Acid rain in Kochi? Experts debunk viral claim, say no such scientific test conducted

An official from the regional office of the Kerala State Pollution Control Board said no tests were conducted to confirm acid rain.

ByMuhammed Fazil

Published Mar 16, 2023 | 6:41 PMUpdatedMar 16, 2023 | 6:48 PM

Acid rain in Kochi. Representational Image. (iStock)

Amidst widespread speculations and some local news reports that the precipitation that occurred in parts of Kochi was acid rain, the Kerala State Pollution Control Board (KSPCB) confirmed on Thursday, 16 March, that no tests had been conducted by it to confirm whether the rain was acidic.

“We have not conducted any tests until now to confirm that the rain in Kochi was acidic. We, too, have seen reports of it being acid rain. We will be conducting a test when it rains to confirm this,” KSPCB Ernakulam Regional Office’s Chief Environmental Engineer Baburajan PK told South First.

He added that the fire and the subsequent smoke that had emerged from the Brahmapuram waste treatment plant would not necessarily cause acid rain in Kochi.

Also read: Kerala CM announces three-tier probe into Brahmapuram fire

MP seeks scientific probe

Earlier in the day, Ernakulam MP Hibi Eden moved an adjournment notice in Parliament seeking an expert committee to ascertain the nature of the rain.

The MP’s move and the local news reports came in the wake of a social media post by one Rajagopal Kamath, who said in it that the rain that Kochi witnessed on Wednesday was acidic in nature.

He claimed that the rainwater contained traces of sulphuric acid, based on a litmus paper test conducted by him.

However, Baburajan countered that by saying that the exact acid could not be predicted by a mere litmus paper test.

‘Should not confuse people’

Fahad Marzook, a hazard analyst with the Kerala State Disaster Management Authority, told South First that unconfirmed media reports and social media posts could cause panic among the common people, who lack an understanding of acid rain.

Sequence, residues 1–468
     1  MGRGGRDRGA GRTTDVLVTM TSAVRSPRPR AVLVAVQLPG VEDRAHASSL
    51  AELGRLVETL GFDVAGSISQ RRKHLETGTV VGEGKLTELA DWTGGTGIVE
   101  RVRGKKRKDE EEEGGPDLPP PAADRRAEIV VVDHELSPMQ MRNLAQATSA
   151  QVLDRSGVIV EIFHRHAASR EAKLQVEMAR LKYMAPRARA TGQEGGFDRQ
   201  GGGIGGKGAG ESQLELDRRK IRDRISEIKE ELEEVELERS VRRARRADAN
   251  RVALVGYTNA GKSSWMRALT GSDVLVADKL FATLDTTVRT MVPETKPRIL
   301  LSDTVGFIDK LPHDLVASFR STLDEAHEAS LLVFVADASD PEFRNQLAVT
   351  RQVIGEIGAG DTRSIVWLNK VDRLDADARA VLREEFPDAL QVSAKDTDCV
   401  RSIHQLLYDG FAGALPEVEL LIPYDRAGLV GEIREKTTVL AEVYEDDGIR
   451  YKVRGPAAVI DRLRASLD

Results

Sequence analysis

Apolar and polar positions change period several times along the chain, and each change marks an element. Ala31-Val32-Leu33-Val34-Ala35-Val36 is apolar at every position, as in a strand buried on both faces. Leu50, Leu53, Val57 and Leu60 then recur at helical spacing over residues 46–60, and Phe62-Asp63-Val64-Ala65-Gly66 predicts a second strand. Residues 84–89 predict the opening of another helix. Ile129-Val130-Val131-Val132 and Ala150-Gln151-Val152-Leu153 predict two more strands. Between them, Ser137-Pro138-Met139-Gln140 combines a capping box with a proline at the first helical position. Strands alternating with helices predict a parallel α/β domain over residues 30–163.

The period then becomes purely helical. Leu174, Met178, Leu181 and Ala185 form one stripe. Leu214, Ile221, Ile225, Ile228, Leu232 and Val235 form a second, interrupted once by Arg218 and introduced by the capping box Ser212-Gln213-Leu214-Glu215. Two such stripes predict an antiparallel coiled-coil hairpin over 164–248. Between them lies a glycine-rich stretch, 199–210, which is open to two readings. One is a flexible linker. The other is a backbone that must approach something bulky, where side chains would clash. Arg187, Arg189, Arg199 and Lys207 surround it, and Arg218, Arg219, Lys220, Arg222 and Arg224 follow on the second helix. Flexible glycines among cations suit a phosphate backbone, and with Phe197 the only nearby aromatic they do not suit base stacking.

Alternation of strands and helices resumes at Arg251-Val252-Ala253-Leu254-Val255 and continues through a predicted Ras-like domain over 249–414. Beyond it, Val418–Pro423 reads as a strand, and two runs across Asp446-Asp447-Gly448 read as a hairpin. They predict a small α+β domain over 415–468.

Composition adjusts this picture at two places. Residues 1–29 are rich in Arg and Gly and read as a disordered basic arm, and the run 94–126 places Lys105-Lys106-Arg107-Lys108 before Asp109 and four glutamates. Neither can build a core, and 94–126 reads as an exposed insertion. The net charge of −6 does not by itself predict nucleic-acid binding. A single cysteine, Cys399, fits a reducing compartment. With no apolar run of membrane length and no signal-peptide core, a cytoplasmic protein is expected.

“There are no official reports on whether the rain in Kochi was acidic. However, the first rain of the season everywhere always tends to be acidic in nature, especially in big cities,” said Marzook.

The first rain usually brings down a lot of the particulate matter and pollutants with it. They often combine with the rainwater and turn it acidic.

“Caution should be taken only after proper scientific tests, not by the means of amateur tests. The speculations of acid rain in the wake of the Brahmapuram incident can cause panic among people. The news media should be responsible while dealing with sensitive issues like this.” he added.

The Facebook post by Kamath claimed that the rain in Kochi had a pH of about 4.5, and it was because of atmospheric pollution.

Also read: A look at how toxic the air in Kochi really is

Acid rain and litmus test

When precipitation contains acidic elements like sulphuric acid or nitric acid in it, it is called acid rain.

This phenomenon occurs when sulphur and nitrogen oxides present in the atmosphere, primarily because of pollution, react with the falling water.

The litmus test is a specific test conducted to determine the nature of a solution — whether it is acidic or alkaline.

The test is conducted by dipping a special kind of paper in the solution and determining its nature by the change in colour of the paper.

The solutions with pH (potential of hydrogen) less than 7 are considered acidic, and greater than 7 are alkaline.

Blue litmus turns red in acidic solutions, and red litmus turns blue in alkaline solutions.